The start of May is celebrated in many countries but for different reasons. May Festival Celebrations are undoubtedly ancient. In Germanic countries we have Walpurgis nacht, a night of witches, costumes, dancing, and bonfires. These festival celebrations can be traced back to at least the eight century. Even older, Beltane is the Gaelic name for May Day rituals that signified the start of summer in Ireland and Scotland. In England, May Day is when rural villages celebrate springtime fertility with traditional village fetes and rituals such as the maypole, around which dancers circle with ribbons. In Rochester UK they hold a Sweeps Festival which is the largest gathering of traditional Morris dancing groups in the world. Its called the Sweeps festival because chimney sweeps used to parade through the streets on one of the few days they were allowed to take off.
In the late 19th century, May Day Festival Celebrations were high jacked for what became known as International Workers’ Day. During the capitalist boom of the 1800s, ordinary workers were desperately poor and had few rights. Some formed Trade Unions from which Socialist parties formed, while others were attracted by the new political ideals of Marxists and Anarchists. There was much exchange of ideas between these groups who believed that acting together in solidarity would give them greater political power. One of the demands that united them was a control on the working hours expected of workers. At its national convention in Chicago, held in 1884, the Federation of Organized Trades and Labor Unions (which later became the American Federation of Labor), proclaimed that “eight hours shall constitute a legal day’s labor from and after May 1, 1886.” On that day more than 300,000 workers in 13,000 businesses across the United States walked off their jobs in the first May Day celebration in US history. In Chicago more and more workers continued to walk off their jobs and on May 3, violence broke out at the McCormick Reaper Works between police and strikers. This eventually led to a demonstration in Haymarket Square to discuss the police brutality. The meeting included families and the mayor of Chicago. At the end of a lively demonstration as the crowd began to disperse, a bomb was thrown into the police ranks. The police fired back and it is estimated seven or eight civilians died, and up to forty were wounded hence it is now remembered as the Haymarket Massacre.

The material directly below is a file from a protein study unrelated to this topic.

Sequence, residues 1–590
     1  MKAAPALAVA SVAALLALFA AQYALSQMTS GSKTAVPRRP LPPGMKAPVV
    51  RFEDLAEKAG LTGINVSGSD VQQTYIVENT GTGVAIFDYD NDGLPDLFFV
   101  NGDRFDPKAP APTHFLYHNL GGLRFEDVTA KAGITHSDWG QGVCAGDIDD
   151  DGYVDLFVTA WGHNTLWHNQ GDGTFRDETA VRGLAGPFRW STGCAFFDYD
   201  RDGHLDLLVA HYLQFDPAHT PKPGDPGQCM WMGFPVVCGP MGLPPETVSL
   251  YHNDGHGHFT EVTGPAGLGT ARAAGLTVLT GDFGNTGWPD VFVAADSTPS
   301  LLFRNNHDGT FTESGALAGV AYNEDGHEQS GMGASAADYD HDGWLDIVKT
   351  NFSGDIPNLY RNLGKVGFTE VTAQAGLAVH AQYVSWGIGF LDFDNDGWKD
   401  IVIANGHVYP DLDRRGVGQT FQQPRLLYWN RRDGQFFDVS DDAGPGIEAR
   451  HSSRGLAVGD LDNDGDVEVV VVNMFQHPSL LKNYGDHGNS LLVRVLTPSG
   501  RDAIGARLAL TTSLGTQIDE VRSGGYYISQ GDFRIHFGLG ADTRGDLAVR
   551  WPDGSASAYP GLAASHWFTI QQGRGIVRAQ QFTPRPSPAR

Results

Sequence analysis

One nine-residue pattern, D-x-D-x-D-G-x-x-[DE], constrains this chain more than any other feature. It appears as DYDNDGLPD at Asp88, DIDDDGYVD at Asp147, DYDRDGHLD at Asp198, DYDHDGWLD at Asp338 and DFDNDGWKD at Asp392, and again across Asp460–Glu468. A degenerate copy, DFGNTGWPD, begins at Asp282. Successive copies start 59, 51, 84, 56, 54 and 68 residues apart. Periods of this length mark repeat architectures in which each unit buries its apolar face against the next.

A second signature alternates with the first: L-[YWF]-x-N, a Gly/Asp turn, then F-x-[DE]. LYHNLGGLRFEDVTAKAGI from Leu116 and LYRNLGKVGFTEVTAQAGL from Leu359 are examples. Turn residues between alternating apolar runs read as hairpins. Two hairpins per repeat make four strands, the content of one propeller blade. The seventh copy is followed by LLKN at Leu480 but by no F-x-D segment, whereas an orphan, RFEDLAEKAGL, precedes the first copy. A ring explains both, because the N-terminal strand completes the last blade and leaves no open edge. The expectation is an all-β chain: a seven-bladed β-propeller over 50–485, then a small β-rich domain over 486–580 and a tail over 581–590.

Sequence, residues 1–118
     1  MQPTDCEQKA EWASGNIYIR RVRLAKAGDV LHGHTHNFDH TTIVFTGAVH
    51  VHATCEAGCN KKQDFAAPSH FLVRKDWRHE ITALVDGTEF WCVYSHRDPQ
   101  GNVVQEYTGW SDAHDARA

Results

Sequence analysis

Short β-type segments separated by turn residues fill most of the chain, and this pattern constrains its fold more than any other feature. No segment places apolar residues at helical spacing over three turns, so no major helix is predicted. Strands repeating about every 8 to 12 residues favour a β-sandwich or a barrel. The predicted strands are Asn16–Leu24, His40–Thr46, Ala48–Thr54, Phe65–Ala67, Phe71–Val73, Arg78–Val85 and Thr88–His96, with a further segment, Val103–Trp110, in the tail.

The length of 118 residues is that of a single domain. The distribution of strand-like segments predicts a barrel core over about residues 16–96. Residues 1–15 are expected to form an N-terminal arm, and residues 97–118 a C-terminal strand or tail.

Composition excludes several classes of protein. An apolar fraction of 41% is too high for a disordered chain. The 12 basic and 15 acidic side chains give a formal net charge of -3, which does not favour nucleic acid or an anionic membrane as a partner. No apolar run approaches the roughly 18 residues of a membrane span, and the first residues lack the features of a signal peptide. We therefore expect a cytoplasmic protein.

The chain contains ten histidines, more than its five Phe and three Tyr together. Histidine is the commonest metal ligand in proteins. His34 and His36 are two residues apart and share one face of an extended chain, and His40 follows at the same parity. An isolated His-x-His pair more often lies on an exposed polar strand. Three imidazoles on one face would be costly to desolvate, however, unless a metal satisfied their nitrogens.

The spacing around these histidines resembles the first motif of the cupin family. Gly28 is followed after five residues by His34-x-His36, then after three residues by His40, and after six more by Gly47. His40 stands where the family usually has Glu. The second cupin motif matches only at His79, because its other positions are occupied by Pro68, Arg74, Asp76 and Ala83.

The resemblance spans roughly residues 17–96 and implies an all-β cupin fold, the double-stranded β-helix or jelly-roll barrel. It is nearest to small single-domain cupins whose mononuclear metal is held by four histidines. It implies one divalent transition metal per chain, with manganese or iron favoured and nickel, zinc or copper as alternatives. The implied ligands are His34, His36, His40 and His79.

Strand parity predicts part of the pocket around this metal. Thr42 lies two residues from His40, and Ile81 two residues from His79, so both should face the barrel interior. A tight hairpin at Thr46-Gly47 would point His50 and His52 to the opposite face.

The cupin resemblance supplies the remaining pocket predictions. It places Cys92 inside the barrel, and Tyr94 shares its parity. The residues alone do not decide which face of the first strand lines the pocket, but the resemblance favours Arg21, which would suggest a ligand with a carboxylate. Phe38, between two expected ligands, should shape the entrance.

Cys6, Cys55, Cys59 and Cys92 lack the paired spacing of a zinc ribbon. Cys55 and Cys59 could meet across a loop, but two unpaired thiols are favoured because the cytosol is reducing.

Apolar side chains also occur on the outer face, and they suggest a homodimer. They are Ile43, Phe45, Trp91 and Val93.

May Day is now an official holiday in over 60 countries and unofficially celebrated in many more.